For diplomats and international disarmament campaigners: “framework” approaches to nuclear disarmament are pernicious

Yesterday I sent the following message to a large number of international disarmament campaigners and a few others. I am posting it here for the sake of wider accessibility and for the record. For background see also:

Subject: “Framework” approaches are pernicious

It was wonderful to see some of you in Geneva and to see the wonderful progress that was made at the May meeting of the 2016 Open-Ended Working Group (OEWG). There is now considerable momentum among the world’s states toward a ban treaty.

Of course there are going to be efforts to diffuse and/or re-direct this momentum.

Some states and some NGOs want to harness the OEWG to provide support for disarmament “approaches” (using that word loosely) which require good faith involvement of the nuclear weapon states (NWSs).

Those approaches will not work because the NWSs do not want to disarm. They first have to be made to want to disarm, by a sufficient combination of forces they cannot control. Disarmament commitments of any kind whatsoever are not something NWSs can be persuaded to want, let alone to achieve, by any kind of multilateral negotiation or discussion. Powerful internal factions in these states prevent that. NWSs first must be presented with a fait accompli, with new fact, [namely] a ban treaty. Only then can “good faith” disarmament efforts begin to grow.

A ban treaty would be effective because it is coercive — not specifically coercive, but generally coercive. A ban treaty would strip some power — illegitimate power, but very real power — from NWSs. The “biggest loser” by far would be the U.S. One of the beautiful aspects of a ban treaty is that, being voluntary, it imposes nothing specific on non-signatory states, while it strips away, immediately, the claimed legitimacy of state-sponsored nuclear terrorism.

In other words, a ban says the nuclear emperor has no clothes. An emperor with no clothes is not an emperor at all. That’s the end of him as an emperor. It’s the beginning of him as a mortal human being, the beginning of his humanity. The nuclear emperor will never negotiate anything — any “framework” for example — that includes the fact of his nakedness. That fact must first be established for all the world to see. It will be a process. The beginning of the process is a ban treaty in which each state party affirms that nuclear weapons are illegitimate — that the nuclear emperor has no clothes. Then the nuclear emperor will negotiate, sooner or later, and from a much weaker but more humane position. It is [a] fact-establishing process and a coercive process we are engaged in. There is not going to be any “convergence” with the NWSs in that process. They will howl.

All this seems too elementary to repeat, but again and again (and since getting home from Geneva) I see what look to me like desperate proposals from some NGOs for some kind of “framework agreement” that would “build engagement with nuclear-armed states” — as if that were even possible or a good idea, or for a “framework” which would provide only political rather than legal commitments.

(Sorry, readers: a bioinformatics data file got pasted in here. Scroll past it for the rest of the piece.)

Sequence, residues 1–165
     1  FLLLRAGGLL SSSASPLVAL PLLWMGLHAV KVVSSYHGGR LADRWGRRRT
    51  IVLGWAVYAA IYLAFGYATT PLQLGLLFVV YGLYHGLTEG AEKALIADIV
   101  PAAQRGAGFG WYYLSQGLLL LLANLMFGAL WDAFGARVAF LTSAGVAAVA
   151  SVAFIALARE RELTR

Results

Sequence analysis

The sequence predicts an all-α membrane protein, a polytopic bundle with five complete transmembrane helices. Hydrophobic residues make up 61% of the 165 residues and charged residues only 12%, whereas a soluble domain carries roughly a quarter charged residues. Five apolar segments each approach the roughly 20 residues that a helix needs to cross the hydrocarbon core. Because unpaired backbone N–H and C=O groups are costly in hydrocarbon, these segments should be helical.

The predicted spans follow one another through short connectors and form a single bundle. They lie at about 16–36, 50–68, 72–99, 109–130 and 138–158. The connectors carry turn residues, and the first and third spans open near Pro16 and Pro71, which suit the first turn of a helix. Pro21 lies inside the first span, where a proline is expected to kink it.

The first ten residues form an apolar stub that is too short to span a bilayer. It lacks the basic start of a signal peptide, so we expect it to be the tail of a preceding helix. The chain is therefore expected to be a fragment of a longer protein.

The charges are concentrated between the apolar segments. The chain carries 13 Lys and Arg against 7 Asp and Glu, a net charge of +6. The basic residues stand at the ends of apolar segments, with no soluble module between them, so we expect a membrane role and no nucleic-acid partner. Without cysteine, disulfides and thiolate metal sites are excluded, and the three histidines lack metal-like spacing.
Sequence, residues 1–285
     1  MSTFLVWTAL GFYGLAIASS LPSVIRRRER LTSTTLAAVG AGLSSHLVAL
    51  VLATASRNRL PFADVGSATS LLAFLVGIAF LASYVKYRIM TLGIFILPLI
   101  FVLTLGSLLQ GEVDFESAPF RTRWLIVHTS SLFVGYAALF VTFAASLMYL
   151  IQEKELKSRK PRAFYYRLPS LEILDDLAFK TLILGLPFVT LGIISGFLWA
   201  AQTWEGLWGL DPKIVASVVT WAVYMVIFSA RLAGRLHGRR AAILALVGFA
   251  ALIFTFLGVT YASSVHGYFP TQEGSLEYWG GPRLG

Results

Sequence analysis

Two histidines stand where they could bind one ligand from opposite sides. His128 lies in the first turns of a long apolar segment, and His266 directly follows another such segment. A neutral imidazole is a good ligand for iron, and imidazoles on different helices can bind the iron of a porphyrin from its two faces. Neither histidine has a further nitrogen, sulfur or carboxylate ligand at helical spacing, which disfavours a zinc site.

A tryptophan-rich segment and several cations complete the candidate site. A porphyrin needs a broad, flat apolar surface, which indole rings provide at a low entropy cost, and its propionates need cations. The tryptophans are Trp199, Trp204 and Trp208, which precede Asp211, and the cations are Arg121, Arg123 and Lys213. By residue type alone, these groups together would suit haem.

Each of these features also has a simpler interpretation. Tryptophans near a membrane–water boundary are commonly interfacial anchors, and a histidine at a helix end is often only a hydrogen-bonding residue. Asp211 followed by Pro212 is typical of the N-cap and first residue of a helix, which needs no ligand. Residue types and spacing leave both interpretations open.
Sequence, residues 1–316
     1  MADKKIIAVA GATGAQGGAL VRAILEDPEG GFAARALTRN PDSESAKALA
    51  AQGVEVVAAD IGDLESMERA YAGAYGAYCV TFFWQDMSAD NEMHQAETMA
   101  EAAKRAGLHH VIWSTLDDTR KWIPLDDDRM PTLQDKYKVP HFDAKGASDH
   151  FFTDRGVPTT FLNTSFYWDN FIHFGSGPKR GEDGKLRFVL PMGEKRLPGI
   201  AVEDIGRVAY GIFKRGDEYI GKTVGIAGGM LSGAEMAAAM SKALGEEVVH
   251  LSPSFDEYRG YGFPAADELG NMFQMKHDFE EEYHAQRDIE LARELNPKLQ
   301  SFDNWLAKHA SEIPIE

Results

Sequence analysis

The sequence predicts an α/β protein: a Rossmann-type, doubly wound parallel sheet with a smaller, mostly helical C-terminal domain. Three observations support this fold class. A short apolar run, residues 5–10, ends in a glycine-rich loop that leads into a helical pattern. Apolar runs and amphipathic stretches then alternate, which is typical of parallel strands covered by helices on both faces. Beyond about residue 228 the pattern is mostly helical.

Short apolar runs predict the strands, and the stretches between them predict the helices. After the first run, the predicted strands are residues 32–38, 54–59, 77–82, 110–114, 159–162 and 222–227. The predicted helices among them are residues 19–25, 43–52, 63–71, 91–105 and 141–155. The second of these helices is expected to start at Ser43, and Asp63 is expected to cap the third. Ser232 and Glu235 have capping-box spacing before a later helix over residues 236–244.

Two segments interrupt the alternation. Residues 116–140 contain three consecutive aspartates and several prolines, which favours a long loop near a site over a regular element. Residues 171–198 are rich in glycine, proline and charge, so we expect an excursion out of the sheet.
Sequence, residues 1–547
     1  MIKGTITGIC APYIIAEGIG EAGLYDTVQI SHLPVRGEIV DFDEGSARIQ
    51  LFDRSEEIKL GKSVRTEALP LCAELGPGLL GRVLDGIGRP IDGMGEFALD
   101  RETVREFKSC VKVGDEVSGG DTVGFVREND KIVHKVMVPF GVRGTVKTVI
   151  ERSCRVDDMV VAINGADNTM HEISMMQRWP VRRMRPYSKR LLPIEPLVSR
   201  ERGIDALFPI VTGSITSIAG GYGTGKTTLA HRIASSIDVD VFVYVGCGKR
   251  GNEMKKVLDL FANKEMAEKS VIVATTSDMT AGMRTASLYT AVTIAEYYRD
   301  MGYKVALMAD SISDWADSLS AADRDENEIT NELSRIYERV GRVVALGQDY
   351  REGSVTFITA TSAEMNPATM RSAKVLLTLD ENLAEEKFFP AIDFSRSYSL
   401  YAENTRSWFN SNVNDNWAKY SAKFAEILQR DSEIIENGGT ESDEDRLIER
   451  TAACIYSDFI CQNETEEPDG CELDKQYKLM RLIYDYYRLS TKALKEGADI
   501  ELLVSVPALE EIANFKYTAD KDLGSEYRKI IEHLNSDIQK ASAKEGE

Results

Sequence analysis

Such “political commitments” are just fantasies and they don’t meet the central OEWG mandate for effective legal measures. They wouldn’t provide anything more than the “Thirteen Steps” of the 2000 NPT RevCon or the 2010 RevCon’s “Action Plan” did, both of which resulted in no action at all. They weren’t agreed to in good faith and they weren’t commitments. They were “promises” meant to be broken — lies. That is the best the NWSs can offer. It is pure folly to seek for more.

We also see proposals from NGOs for a series of “summits,” as if “summits” were effective legal measures. Anything but a treaty prohibiting nuclear weapons, apparently!

I could go on in greater detail and hope to do so in early June, after taking care of other work here. It seems incredibly important at this juncture to restrain the strange desire for “convergence” with NWSs and nuclear-dependent states, wherever and whenever possible.

If there is going to be any effective legal measure for nuclear disarmament, it is going to have to be negotiated — up to and including entry into force — by non-nuclear weapon states (NNWSs). The NWSs will do everything they can to prevent any disarmament treaty.

I don’t see how anyone with any experience at all could come to the conclusion that “bridges should be built” (or any other such language) with the NWSs. Yet this seems to be the sine qua non of the “framework” approach.

Pretending that all states want a “world without nuclear weapons,” which I heard repeated often in Geneva by diplomats as well as NGOs as a kind of mantra, was bizarre. None of the NWSs want a “nuclear weapons free world”, not in any meaningful way, and not yet. If they did, they’d act differently. Sure, politicians may say this or that, but why in the world should their claims be credenced, when the opposite is being done?

So I think the “framework” approach is very pernicious, because a “framework” implies something negotiated with NWSs (they have the weapons, after all). A “framework” without NWS participation boils down to a ban treaty. A “framework” approach that seeks NWSs concurrence would burn up years we do not have. You can see just how that would work by looking at the Conference on Disarmament.

The NNWS cannot achieve more than a ban treaty, since they do not have the weapons, and they cannot achieve less, if they would be effective.

The glory of the OEWG and of General Assembly procedures is that consensus cannot be used to suppress the aspirations of NNWSs for true collective security.

It seems almost too elementary to repeat, but we have to protect the power and agency of NNWSs as we go forward. If we can do that, and move with all due speed, a treaty prohibiting nuclear weapons is the natural outcome.

Comments are currently closed.